Be honest with yourself: Was the 45 minutes you spent on TikTok or trolling to find the perfect holiday gift really worth it? “Looking at your phone ties you back to today’s reality, which isn’t very helpful,” says Dr. Navab. “Instead, keep a novel handy to transport you to another place that allows you to think about someone else’s dilemma, not your anxious sleep.”
4. Create a bedtime routine.
If you can’t calm down before bed, a good bedtime routine might help. “It’s not possible to go from our energetic, productivity-focused days to sleep in the blink of an eye,” says Dr. Robbins. “Sleep takes time.” She recommends setting aside at least 30 minutes to relax.
“My favorite way to unwind is to take a shower, do my skincare routine, meditate for 10 minutes, then read a book until I’m ready to sleep,” says Kelly Smith, yoga and meditation teacher and animator of the Aware in minutes podcast.
Admittedly, meditation is not for everyone. If you’re into it, or at least thinking about trying to be into it, sleep meditations are remarkably effective. “With regular meditation practice — about 10 minutes a day for at least eight weeks — the amygdala, which is the center of pain, stress, and worry in the brain, begins to shrink,” Smith explains. This means that your response to stressors and anxiety triggers also decreases. “At the same time, meditation helps strengthen the hypothalamus, which is one of the brain’s key centers for sleep,” Smith explains.
Smith suggests starting with a guided sleep meditation. “Listening to a meditation can give you something to focus on other than your anxiety and can put you to sleep,” she says. There are dozens of great meditation apps to get you started.
6. Try a breathing exercise.
Breathing exercises are also surprisingly effective in transporting you to dreamland. “If you wake up in the middle of the night, the 4-7-8 breathing method is a fantastic way to get your body out of fight-or-flight mode because it will elicit a relaxed parasympathetic response,” says Dr. Navab. To do this: Inhale for four seconds, hold for seven seconds, and exhale slowly for eight seconds.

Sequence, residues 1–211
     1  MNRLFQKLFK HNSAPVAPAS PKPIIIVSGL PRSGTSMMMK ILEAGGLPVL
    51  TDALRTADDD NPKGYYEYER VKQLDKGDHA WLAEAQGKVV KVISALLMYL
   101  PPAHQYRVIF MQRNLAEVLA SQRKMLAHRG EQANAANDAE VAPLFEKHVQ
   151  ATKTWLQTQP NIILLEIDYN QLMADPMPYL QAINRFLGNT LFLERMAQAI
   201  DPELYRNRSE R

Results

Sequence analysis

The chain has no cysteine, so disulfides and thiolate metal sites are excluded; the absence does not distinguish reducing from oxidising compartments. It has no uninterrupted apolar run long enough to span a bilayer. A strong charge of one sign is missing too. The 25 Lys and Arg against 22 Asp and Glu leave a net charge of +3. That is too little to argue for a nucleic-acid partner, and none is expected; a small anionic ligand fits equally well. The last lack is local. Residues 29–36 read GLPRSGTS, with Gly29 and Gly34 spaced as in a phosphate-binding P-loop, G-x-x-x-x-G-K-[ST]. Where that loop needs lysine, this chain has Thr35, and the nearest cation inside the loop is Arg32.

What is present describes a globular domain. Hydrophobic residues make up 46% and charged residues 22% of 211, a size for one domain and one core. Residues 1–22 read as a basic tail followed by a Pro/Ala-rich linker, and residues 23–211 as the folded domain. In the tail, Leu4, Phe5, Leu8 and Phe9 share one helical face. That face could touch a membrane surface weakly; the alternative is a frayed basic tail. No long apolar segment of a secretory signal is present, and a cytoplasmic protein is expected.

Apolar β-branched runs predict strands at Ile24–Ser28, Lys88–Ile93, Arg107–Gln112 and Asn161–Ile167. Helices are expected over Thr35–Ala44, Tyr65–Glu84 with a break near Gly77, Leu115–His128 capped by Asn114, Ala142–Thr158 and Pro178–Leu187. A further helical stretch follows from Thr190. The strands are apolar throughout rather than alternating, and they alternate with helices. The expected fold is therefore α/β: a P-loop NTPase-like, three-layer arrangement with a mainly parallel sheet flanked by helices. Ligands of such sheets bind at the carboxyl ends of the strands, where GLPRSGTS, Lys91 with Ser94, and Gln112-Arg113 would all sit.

7. Practice muscle relaxation.
Another powerful technique: progressive muscle relaxation. “Definitely one of my favorites,” says Dr. Breus. “It’s good because it teaches people the difference between when they’re tense and when they’re relaxed.”
The principle is simple. Starting at the top of your head and moving toward the tips of your toes, gradually tense and relax your muscles as you lie in bed. “It’s very relaxing and tends to put people to sleep,” says Dr. Breus.
8. Go for a walk.
If all that Zen stuff isn’t working for you, consider exercising. “There’s almost no better way to reduce stress levels than exercise,” says Dr. Breus. It doesn’t have to be strenuous – a 25-minute walk an hour before bedtime can help calm those anxious thoughts.
9. Stick to a schedule.
There’s a reason sleep experts recommend sticking to a consistent bedtime and wake-up time to maintain good sleep hygiene. Not only does this keep your internal clock from getting confused, “having a habit that you have control over will create stability and willpower that can alleviate anxiety,” Dr. Navab says. “Anxiety is often linked to a sense of control, so creating a routine of waking up at the same time every morning will reinforce that command.”
10. Don’t look at the clock.
If you find yourself awake at night, avoid the temptation to look at the clock. It can’t do any good. How long have I been awake? I have to get up so early? “If you can avoid looking at the clock, you’ll avoid the added anxiety,” says Dr. Breus. Seeing the clock may make you panic and try harder to fall asleep. “No one in the history of time has ever thought about going back to sleep — trying really hard is the opposite of what we want your brain to do,” Dr. Breus points out.
11. Stay in bed.
It’s completely normal to wake up in the middle of the night (usually between 1 and 3 a.m. when your body’s core temperature starts to rise after dropping all night). Most people go back to sleep within moments. If you don’t, don’t panic. Unless you’re dying to go to the bathroom, stay in bed, advises Dr. Breus. “In order to get you back into an unconscious state, your heart rate needs to be at 60 or less,” he explains. Going from lying to standing to walking will increase your heart rate, so avoid it if you can.